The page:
Compton crooner Roddy Ricch possesses all the tools to become a superstar. The 21-year-old has impressed everyone from the young Tik Tok aficionados to legends of the West Coast like Kendrick Lamar and the late Nipsey Hussle. His ability to flow on any type of beat, vocally hold his own on all the hottest sounds of the moment and craft a catchy hook that won’t soon leave your mind, gives him the formula to potentially dominate the singing rapper category.
But the thing about potential is it’s not set in stone. Too much hype can crumble a career. Coming off viral singles like “Ballin’,” “Every Season” and “Die Young,” and a feature with the late great Hussle, the Atlantic Records signee has built up huge expectations, something we’ve seen crush young artists in the past.
So far, that hasn’t happened to Roddy for his debut album, Please Excuse Me For Being Antisocial,opened at No. 1 on Billboard’s Top 200 Album Charts. The project is the perfect primer to showcase what Roderick Moore Jr. brings to the table, validating his standing as one of the hottest up-and-comers in Hip Hop.
The appeal to Roddy is simple; the kid can write a hell of a hook. Whether it’s the head-bopping harmony on “The Box” or the flute backed, Gunna-assisted “Start Wit Me,” Roddy excels at producing choruses that stick and only get better with repeat listens.
The pinnacle comes on the Mustard-produced club banger “High Fashion” supported by snaps, subtle piano lines setting a 2010s trap love song vibe and an instantly recitable hook bringing it all together. The cut soundtracks the slow and sensual grind session at the club, while not losing radio-friendly appeal. Roddy hits the notes only Young Thug would dare try, yet never comes off as biting Jeffrey’s signature style.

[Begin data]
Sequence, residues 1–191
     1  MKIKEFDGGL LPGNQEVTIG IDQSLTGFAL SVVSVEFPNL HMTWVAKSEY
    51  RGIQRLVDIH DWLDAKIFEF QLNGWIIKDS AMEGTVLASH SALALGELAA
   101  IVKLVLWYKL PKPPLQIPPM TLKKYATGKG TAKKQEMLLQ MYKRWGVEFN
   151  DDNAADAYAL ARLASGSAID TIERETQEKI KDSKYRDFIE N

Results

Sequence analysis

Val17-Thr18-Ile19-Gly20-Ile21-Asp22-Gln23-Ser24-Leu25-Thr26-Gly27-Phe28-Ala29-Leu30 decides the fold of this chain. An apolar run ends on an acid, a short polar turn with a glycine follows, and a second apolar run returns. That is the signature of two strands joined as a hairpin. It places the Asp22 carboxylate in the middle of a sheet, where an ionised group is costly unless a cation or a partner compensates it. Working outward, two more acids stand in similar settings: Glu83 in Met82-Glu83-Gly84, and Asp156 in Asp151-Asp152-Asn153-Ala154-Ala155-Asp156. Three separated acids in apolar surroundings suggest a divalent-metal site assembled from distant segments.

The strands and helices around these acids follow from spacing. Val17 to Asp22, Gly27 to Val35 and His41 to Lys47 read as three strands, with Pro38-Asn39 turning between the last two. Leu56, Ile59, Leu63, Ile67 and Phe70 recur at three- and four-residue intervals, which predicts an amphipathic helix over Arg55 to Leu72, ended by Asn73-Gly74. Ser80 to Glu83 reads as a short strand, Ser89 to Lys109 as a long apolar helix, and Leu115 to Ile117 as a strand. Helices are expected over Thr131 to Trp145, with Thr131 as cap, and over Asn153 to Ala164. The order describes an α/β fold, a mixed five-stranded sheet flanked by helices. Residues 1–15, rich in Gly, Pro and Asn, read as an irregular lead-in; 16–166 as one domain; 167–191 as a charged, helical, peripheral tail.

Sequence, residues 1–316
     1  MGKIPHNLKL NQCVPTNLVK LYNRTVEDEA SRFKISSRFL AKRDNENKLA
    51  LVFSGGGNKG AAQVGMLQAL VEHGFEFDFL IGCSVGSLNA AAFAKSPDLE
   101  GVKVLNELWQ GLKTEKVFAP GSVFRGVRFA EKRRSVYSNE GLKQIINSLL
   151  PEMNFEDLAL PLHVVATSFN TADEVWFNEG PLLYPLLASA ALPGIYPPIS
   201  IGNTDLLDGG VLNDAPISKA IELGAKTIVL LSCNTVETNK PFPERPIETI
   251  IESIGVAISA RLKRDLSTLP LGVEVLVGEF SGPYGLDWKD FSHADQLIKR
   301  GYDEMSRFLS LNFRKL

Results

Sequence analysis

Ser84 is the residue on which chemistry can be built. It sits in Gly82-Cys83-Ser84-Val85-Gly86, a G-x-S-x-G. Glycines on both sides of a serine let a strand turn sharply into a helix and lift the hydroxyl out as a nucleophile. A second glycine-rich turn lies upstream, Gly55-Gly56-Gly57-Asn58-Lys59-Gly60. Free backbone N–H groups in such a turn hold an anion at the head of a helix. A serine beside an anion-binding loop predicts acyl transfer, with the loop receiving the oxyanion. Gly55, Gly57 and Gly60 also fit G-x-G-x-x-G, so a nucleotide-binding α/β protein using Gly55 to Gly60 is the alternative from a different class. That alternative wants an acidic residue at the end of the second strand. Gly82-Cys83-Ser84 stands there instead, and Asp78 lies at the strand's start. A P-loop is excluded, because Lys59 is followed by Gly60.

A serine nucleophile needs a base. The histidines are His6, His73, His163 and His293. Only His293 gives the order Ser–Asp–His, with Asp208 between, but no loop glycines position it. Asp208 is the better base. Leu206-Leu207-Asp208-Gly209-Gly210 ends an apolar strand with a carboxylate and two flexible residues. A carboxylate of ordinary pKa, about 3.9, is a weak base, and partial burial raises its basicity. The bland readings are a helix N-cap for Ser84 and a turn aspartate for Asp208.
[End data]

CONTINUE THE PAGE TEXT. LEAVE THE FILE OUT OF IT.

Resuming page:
Despite having some heavy-hitting guests on the record, many of whom run in the same lane as him like A Boogie Wit Da Hoodie and Lil Durk, Roddy always holds his own. Even when the God of features Ty Dolla $ign comes by to kill it on his contribution to the sexual slow jam “Bacc Seat,” Roddy remains the focus.
Yet with all the praise, there are still some missteps. “Boom Boom Room” sounds like a Future throwaway with its sludgy, slow-mo production failing to carry the catchiness of past tracks. Then the Meek Mill-aided “Peta” drowns in some of the messiest production of the record with dog-whistle woodwinds, way too busy drums and overall sense of extraness with no purpose.
Still, even when Roddy isn’t getting the best beats or lets the subject matter slip into a materialistic slop, he remains adept at delivering hooks that are so damn infectious, it’s almost impossible not to sing along or bop your head.
At times the project reveals flashes of his songwriting talent, evidenced on his heart-wrenching story of police raids and death on “Prayers To The Trap God” or the autobiographical account of making it out of the projects on “War Baby,” the latter featuring a soaring gospel chorus of emotion.
Please Excuse Me For Being Antisocial is the type of debut every breakout artist strives for. The album flaunts commercial appeal with hints of immense potential when it becomes more thoughtful, gritty and shows off Roddy’s knack for songwriting.
While not perfect, Roddy’s debut sets the stage for a new exciting star in Hip Hop and proves he’s not going away anytime soon.